If you’re planning a trip to Italy, consider visiting during the month of February. Citizens throughout the country host carnivals that run from January 6th (the day of Epiphany, sometimes called Three Kings’ Day) until the beginning of Lent (46 days before Easter Sunday). Italy’s modern carnivals honor traditions and historical events that go back hundreds of years. While you’ll have to move fast to book a flight overseas for 2018, there’s plenty of time to visit these carnivals next year.
Standing the Test of Time
Today’s carnivals evolved from ancient Roman celebration of the new year, called Saturnalia. Throughout the centuries it became an opportunity to dissolve established social classes. Since many carnivals involved were masquerades, Italians used the masks to interact with people normally beyond reach. Palaces in Venice threw lavish parties that are still held today.
Still some carnivals are more known for their events, like the Carnival of Ivrea in the Province of Turin. Their “Battle of the Oranges” re-enacts the city’s civil war, where locals representing the Emperor’s Army on one side and the people on the other throw oranges at each other. Standing in for the arrows used in the real battle, those representing the Army throw citrus from floats in the parade. One of the oldest carnivals in the Marches region, Carnival of Fano, features candy thrown from floats instead of oranges. Possibly the biggest carnival is the Carnival of Viareggio, which welcomed 325,000 people in 2011. Their parade is filled with enormous and technologically-advanced floats that often feature caricatures of celebrities.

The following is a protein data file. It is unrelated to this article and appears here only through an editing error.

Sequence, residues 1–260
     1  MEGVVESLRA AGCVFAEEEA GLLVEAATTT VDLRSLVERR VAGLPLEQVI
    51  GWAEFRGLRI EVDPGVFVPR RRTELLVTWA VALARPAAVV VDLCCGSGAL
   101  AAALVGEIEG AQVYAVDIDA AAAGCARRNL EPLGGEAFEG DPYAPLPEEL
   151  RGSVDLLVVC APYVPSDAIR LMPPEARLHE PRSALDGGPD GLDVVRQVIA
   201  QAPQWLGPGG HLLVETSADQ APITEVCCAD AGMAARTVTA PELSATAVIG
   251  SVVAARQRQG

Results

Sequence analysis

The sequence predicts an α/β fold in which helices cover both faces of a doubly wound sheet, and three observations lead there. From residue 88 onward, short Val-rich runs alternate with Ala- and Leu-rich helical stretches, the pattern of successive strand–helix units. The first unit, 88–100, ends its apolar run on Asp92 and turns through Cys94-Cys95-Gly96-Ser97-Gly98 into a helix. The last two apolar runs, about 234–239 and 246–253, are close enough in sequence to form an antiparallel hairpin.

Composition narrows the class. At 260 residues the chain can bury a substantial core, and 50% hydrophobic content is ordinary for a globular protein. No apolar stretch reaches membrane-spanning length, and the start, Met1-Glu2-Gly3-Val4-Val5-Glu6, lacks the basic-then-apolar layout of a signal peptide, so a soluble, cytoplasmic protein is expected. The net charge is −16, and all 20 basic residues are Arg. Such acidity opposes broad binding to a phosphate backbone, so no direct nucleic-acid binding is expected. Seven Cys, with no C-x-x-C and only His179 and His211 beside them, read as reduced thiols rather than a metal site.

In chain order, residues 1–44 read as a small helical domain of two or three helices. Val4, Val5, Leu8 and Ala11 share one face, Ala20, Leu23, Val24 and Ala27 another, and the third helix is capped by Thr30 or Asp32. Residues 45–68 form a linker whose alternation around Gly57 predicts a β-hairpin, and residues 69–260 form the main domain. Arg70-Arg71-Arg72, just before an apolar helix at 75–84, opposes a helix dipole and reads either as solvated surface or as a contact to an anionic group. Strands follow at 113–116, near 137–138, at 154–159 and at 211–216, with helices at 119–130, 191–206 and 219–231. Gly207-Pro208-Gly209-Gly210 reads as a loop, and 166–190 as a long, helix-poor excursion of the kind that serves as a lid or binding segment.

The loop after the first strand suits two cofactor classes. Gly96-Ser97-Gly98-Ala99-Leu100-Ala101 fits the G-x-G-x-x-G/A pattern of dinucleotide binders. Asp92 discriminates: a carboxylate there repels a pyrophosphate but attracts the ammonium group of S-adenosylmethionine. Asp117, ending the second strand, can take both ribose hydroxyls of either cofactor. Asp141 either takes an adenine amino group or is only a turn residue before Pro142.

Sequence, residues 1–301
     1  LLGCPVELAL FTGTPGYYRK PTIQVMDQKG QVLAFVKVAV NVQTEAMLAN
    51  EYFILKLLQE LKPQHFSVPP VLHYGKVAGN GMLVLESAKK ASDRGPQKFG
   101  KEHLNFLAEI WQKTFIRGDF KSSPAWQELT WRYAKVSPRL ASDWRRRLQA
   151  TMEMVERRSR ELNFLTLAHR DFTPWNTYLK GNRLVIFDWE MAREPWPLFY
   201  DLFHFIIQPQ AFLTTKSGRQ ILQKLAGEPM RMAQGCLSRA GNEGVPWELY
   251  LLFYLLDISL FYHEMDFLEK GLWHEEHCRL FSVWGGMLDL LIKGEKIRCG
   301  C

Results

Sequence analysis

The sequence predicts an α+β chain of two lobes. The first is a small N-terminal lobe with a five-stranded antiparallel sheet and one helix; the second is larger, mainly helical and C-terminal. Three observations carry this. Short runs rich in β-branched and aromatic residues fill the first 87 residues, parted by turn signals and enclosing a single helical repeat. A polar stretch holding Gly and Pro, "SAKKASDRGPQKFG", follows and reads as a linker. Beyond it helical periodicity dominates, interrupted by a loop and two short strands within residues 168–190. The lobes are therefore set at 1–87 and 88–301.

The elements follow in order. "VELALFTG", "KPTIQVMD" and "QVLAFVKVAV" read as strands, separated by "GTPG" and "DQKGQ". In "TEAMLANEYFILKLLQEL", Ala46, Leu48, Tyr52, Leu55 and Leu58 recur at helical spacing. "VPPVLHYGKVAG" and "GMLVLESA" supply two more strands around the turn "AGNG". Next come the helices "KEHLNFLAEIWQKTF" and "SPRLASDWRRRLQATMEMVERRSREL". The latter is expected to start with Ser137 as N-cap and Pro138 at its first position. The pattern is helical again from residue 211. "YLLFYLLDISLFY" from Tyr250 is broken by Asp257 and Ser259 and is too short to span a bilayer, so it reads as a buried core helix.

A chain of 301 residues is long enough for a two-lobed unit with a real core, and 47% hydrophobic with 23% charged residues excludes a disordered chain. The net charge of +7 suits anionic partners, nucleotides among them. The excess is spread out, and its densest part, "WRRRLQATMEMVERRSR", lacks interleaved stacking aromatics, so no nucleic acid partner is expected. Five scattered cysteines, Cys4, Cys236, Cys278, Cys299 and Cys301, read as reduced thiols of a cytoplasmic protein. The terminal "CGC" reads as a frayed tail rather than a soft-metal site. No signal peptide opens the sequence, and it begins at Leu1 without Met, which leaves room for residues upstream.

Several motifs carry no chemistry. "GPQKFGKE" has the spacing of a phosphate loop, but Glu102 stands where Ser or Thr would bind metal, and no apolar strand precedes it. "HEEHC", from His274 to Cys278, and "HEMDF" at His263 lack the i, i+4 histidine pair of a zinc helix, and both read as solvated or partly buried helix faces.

Venice hosts the most extravagant carnival in Italy. For two weeks, residents and visitors revel along the coast of the Venetian lagoon. In addition to the masked balls, guests enjoy parades and a variety of events. Witness the Flight of the Angel, an astonishing tribute to a Turkish acrobat who introduced it in the year 1500. The present-day version involves dropping down on a secure cable from St. Mark’s Bell Tower to Doge’s Palace.
Other Carnivals Throughout Italy
While Venice has the most famous carnival, visitors can fill their trip with Italy’s many other festivities. The Carnival of Putiganano ranks as the longest carnival since it runs from December 26th until Fat Tuesday, or the day before Lent. Along with the usual masked parties and parades, the city in Itria Valley features a poetry marathon where poets recite their best in the piazza. The Carnival of Sciacca showcases papier-mache crafted by local pottery artists, leading up to a finale where the king of the Carnival’s mask and float are burned. Some of the most beautiful floats are in the Carnival of Aciraele in the Province of Catania, where they’re decorated with flowers.
While a trip to Italy is amazing any time of the year, you can party like a native if you plan your visit between the Day of Epiphany and Lent. A fun carnival rich with Italian history won’t be hard to find!